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    Hi Thea,
    if you have any good shoes, which you use "daily" ( shoes in good condition!) - like me- i had low goretex Merrell - take it. "Good condition" is really important and "good shoes" too. Walking in new, unused shoes is not very good, but - as RJS said - if you go to quality outdoor shop, you can get good shoes for you.
    Buen camino!!
     
  4. Thea S.

    Thea S. New Member

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    Thank you so much for your help, both of you!

    Danvo, what do you mean by "good shoes"? If I have some Nike sports shoes, that I have used daily, can I walk in them? :)
     
  5. danvo

    danvo Super Moderator Staff Member

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    .... i mean any that can lasts 800km. Shoes made from thin, soft materials, i afraid can't lasts this distance. In my case it was Merrell Moab (try to check it on google for compare to yours) shoes and Teva sandals. Here on forum someone wrote about other Merrell shoes, so i recommend this type, with gore tex, plus good sandals for long flat walking. But - you can find many recommendations on forum - every pilgrim has own preferences and model of shoes good for me is not always good to another one.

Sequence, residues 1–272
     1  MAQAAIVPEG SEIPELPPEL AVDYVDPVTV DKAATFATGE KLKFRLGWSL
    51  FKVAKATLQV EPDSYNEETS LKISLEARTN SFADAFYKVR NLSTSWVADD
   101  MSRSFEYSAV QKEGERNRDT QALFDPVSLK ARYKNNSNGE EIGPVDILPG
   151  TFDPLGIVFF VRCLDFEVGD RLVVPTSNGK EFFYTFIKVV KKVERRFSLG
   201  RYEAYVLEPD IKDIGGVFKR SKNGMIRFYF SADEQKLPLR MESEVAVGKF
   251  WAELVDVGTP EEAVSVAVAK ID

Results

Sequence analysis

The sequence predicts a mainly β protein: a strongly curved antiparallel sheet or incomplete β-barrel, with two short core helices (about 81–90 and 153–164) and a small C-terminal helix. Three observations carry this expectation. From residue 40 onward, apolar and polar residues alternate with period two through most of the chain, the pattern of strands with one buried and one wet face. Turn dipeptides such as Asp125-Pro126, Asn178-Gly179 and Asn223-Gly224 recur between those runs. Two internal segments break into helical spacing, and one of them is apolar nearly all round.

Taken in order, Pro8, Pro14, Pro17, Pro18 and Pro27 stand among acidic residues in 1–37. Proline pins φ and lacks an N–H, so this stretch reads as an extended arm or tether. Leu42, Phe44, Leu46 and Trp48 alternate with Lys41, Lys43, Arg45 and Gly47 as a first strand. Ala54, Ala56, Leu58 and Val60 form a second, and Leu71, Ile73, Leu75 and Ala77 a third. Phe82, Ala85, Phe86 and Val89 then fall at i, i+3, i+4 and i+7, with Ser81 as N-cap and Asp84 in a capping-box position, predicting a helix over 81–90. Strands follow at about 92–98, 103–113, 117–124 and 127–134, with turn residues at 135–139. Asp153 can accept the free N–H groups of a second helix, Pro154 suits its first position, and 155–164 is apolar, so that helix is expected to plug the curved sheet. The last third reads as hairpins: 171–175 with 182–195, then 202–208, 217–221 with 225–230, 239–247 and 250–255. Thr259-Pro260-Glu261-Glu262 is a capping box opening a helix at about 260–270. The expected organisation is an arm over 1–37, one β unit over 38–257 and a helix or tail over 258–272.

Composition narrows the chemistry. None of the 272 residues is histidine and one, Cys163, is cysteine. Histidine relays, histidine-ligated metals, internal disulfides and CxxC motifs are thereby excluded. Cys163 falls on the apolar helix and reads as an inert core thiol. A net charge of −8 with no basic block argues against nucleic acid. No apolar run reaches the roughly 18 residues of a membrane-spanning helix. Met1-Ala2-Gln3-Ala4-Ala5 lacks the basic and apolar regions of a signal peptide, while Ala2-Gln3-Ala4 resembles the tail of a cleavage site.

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  6. Thea S.

    Thea S. New Member

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    Okay, thank you!! :-D
     
  7. Hobbler

    Hobbler Active Member

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    Rob gives very good advice and his preference is the same as mine but, as he also says, footwear is a very personal thing. Danvo is also very right when he says that walking for the first time in new shoes/boots is not a good idea and may cause a lot of foot problems. So you have a very big difficulty because your time before you travel is so short. So, as Danvo has also said, if you have a good pair of shoes that you are comfortable with, walk in them if you think they will last the distance!! Otherwise you will have to buy a new pair on the camino and suffer the agony of running them in. Your footwear is the most important item of your equipment.